VENEZUELAAmnesty has published the results of its investigation into the deaths of at least 14 men in Caracas between 6 and 9 January.  In its report, Venezuela: Impunity in the face of lethal policy of social control, it described the deaths as probable extrajudicial executions and called for the Office of the Prosecutor of the International Criminal Court to include the evidence in its preliminary examination of the crimes against humanity committed by state agents in Venezuela.

On 10 February, prisoners of conscience and staff members from Azul Positivo, a medical and humanitarian NGO, were conditionally released from detention. Johan León Reyes, Yordy Bermúdez, Layners Gutiérrez Díaz, Alejandro Gómez Di Maggio and Luis Ferrabuz remain charged with financial crimes and ‘association to commit crimes’ and must report to court every 30 days. Amnesty considers their prosecution to be solely based on the humanitarian work carried out by Azul Positivo. They are prisoners of conscience and their freedom must be unconditional.  The Urgent Action remains live.

In a public statement, Amnesty joined other human rights organisations in describing threats and measures taken against Venezuelan civil society since November 2020 as amounting to ‘systematic persecution and stigmatization.’  In recent months and weeks, state agents have forcibly entered the offices of civil society organizations; public threats have been made against defenders who have been engaging with human rights mechanisms; NGO bank accounts have been frozen; and arrest warrants have issued for aid workers.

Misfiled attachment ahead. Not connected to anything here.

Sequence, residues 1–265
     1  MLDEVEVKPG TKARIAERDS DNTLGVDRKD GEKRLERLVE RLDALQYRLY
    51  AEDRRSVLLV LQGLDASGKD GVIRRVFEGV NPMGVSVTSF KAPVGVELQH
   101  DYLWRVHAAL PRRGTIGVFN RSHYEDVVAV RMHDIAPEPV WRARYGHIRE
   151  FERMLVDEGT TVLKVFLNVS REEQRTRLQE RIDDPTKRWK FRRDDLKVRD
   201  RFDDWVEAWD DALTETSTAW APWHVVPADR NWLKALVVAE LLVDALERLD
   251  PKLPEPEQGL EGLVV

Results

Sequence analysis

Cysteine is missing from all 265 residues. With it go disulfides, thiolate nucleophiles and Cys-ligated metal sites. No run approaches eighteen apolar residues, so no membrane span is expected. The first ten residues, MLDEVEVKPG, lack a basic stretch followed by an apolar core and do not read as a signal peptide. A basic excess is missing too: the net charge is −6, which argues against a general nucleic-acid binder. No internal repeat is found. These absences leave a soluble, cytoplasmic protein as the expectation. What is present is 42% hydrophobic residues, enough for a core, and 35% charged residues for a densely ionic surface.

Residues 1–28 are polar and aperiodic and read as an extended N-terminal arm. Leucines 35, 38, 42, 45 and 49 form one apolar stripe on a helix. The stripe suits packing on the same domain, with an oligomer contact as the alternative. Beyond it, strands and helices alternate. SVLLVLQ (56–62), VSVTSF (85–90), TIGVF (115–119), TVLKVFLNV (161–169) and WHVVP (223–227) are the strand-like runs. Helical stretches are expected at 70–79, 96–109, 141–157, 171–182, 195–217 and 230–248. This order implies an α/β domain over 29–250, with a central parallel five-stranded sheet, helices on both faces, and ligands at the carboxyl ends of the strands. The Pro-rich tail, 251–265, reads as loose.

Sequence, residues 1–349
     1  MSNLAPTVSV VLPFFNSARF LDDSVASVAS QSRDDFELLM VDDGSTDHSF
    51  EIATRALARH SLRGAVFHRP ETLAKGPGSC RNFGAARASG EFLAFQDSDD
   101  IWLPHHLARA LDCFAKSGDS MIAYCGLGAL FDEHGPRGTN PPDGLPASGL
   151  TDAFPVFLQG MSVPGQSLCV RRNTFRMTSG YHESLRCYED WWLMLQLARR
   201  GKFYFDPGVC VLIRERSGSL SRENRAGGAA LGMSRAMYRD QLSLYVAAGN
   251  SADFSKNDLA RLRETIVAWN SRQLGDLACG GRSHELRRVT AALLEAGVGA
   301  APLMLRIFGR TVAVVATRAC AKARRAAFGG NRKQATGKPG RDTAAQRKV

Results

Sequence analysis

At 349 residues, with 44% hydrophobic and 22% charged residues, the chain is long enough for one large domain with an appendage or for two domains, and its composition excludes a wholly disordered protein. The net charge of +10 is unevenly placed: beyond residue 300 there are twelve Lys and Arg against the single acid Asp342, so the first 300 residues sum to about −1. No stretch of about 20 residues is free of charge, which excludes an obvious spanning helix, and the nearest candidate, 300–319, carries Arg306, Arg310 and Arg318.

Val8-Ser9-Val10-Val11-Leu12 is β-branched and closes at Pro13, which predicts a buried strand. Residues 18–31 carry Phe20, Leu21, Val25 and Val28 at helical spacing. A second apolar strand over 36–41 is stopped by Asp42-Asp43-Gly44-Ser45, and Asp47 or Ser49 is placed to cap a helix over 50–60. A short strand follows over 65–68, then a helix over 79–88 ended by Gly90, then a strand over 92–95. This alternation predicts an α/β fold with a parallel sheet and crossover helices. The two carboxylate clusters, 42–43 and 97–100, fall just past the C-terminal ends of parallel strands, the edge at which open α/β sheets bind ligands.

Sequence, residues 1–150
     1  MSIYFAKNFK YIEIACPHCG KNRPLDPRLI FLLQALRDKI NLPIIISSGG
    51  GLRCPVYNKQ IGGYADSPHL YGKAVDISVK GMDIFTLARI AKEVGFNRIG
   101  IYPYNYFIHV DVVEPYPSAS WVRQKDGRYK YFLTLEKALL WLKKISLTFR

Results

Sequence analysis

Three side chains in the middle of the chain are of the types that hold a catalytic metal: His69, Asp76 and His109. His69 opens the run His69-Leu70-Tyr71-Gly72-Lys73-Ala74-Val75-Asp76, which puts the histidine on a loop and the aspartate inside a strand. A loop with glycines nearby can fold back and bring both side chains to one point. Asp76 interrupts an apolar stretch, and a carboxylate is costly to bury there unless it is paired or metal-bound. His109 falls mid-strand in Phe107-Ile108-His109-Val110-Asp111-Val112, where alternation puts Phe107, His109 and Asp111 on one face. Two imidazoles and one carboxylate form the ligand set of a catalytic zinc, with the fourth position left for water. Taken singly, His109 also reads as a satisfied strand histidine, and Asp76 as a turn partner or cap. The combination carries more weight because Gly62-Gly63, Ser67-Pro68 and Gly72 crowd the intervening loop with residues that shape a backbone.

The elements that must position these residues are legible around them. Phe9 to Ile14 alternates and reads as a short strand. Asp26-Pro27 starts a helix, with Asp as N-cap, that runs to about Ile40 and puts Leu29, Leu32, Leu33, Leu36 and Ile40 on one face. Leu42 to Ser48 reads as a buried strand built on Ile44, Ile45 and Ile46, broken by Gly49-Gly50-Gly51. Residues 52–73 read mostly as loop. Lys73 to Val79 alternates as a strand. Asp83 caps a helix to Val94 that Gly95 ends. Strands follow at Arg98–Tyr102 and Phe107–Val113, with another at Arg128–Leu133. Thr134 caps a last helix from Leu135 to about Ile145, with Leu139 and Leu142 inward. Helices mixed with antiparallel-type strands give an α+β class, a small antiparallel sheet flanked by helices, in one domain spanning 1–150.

The UN Special Rapporteur on the negative impact of unilateral coercive measures has called on the United States, United Kingdom and European Union to lift economic sanctions against Venezuela, which she described as devastating.  The comments concluded a 12-day trip in the country.  Alina Douhan said foreign sanctions “constitute violations of international law” and have exacerbated Venezuela’s economic crisis with “ineffective and insufficient” exemptions for humanitarian issues.


Francisco Martinez

Francisco Martinez, street juggler, killed by a Carabinero

We have made a submission to the Case Management Group to adopt the case of Gustavo Gatica as an Individual at Risk. Once we have approval, we shall be in touch with those groups who have asked to take on his case.  Following our call on him, the Chilean Ambassador has written to us confirming that a Colonel in the Carabineros is being investigated for the treatment of Gatica and is being held in pre-trial detention. There have been reports of the killing by a Carabinero of a street juggler, Francisco Martinez, who suffered schizophrenia, after he had refused to cooperate with a police identity check.  Read more about it here.